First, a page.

In the grand scheme of Hollywood schedules, a lost month isn’t exactly big news. It happens when you’re undertaking a massive, worldwide casting call. However, The Hollywood Reporter suggested a different explanation for the delay. “Finding a male lead in his 20s who can act and sing has proven difficult,” reads the article, “especially since the studio wants someone of Middle-Eastern or Indian descent (the animated film is set in the fictional Middle Eastern city of Agrabah)….[T]he search has dragged on, with Disney and Ritchie having to go back to the drawing board multiple times.”
“Especially since the studio wants someone of Middle-Eastern or Indian descent”?
I’m not saying that these searches aren’t difficult. Ritchie’s also expanded the process to look at unknowns across the world, and that’s commendable. It also undoubtedly complicates the process. There’s nothing wrong with The Hollywood Reporter writing up these delays.
But to suggest that it’s taking so long because the talent pool is limited to Middle-Eastern and Indian actors is racist as hell. And it’s radically different from the way the press writes up searches that primarily involve white actors. When Harry Potter went looking exclusively for British children, they also auditioned thousands of hopefuls. But that search was described as an exciting, encouraging “casting frenzy.”
The Harry Potter team watched 40,000 Harry auditions before landing on Daniel Radcliffe. Ritchie and his crew have sat through 2,000 auditions for Aladdin and Jasmine combined, and I’m supposed to see that as an “especially” difficult search for talent?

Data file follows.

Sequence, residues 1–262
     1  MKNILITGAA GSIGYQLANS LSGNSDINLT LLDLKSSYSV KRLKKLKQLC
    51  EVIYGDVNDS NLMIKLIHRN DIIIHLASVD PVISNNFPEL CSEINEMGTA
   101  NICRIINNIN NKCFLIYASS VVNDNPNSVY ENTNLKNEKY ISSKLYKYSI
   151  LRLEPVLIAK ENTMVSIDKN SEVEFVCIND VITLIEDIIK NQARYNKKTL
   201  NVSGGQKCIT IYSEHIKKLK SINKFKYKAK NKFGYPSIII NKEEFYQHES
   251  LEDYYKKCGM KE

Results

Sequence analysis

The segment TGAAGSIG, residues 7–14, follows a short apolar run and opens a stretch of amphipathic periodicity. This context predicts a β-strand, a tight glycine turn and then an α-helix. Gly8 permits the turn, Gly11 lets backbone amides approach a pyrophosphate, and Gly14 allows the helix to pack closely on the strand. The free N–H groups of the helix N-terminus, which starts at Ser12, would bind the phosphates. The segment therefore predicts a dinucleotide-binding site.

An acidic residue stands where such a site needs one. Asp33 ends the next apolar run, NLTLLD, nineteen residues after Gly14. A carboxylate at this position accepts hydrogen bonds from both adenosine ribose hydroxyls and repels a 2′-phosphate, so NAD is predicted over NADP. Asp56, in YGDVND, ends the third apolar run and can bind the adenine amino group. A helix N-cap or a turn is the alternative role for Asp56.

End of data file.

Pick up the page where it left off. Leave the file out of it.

Get out. This search can only be considered “especially” difficult by someone who sees the casting restriction to Middle-Eastern and Indian actors as unnecessary and burdensome. And, again, we don’t see that sort of suggestion with majority-white casting searches. Going so far as to find a Harry who was British and had natural green or blue eyes was worthy of a wide, exhaustive search. But having to cast a Middle Eastern actor in Aladdin, on the other hand, is a PC burden. The undercurrent of this article is: If only we could whitewash, this would be so easy!
And that idea plays into some of the more insidious, unspoken ways that racism manifests in the entertainment industry. Reviewers who “just don’t connect” with characters of color. Directors who just don’t “see that special something” in actors of color. The idea that black women are “not ready” for Saturday Night Live or that finding trans kids to play trans kids is “incredibly hard.” It’s also the sort of bias that Mitt Romney was ruthlessly mocked for during his presidential run, when he said he had to look through “binders full of women” to try and find any women who were qualified. It’s no less ridiculous when someone uses this idea to prop up their racism rather than their sexism.
Bollywood exists. Riz Ahmed exists.* Aladdin the Broadway musical exists and is currently playing in cities around the world. The suggestion that there’s some dearth of Middle Eastern and Indian actors who can handle a movie musical is laughable.
When people point to Hollywood’s racism, they’re not just talking about whitewashing and stereotyped roles. They’re also talking about write-ups like this article, and the industry sources who feed them these racist interpretations of events.
* Alas, yes, the studio did look at Ahmed, but they’re more likely to cast a newcomer. I’ll recover eventually.
(Via The Hollywood Reporter; image via Walt Disney Studios)
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